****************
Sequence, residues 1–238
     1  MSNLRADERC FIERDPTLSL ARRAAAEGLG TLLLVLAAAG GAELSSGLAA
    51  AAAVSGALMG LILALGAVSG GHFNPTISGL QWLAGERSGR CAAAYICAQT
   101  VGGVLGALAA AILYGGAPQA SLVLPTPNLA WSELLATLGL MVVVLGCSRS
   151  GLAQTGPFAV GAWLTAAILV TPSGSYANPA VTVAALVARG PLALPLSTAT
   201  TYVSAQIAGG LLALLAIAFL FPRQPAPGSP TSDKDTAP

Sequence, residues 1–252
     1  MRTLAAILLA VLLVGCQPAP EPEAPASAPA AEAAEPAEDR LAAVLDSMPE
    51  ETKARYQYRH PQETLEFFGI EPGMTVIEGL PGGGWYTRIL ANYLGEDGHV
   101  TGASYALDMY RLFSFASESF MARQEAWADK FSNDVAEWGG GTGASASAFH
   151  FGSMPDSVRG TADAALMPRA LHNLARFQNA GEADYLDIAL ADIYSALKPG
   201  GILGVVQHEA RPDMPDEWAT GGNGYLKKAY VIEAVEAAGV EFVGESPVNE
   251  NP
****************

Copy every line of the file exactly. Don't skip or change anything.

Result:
Sequence, residues 1–238
     1  MSNLRADERC FIERDPTLSL ARRAAAEGLG TLLLVLAAAG GAELSSGLAA
    51  AAAVSGALMG LILALGAVSG GHFNPTISGL QWLAGERSGR CAAAYICAQT
   101  VGGVLGALAA AILYGGAPQA SLVLPTPNLA WSELLATLGL MVVVLGCSRS
   151  GLAQTGPFAV GAWLTAAILV TPSGSYANPA VTVAALVARG PLALPLSTAT
   201  TYVSAQIAGG LLALLAIAFL FPRQPAPGSP TSDKDTAP

Sequence, residues 1–252
     1  MRTLAAILLA VLLVGCQPAP EPEAPASAPA AEAAEPAEDR LAAVLDSMPE
    51  ETKARYQYRH PQETLEFFGI EPGMTVIEGL PGGGWYTRIL ANYLGEDGHV
   101  TGASYALDMY RLFSFASESF MARQEAWADK FSNDVAEWGG GTGASASAFH
   151  FGSMPDSVRG TADAALMPRA LHNLARFQNA GEADYLDIAL ADIYSALKPG
   201  GILGVVQHEA RPDMPDEWAT GGNGYLKKAY VIEAVEAAGV EFVGESPVNE
   251  NP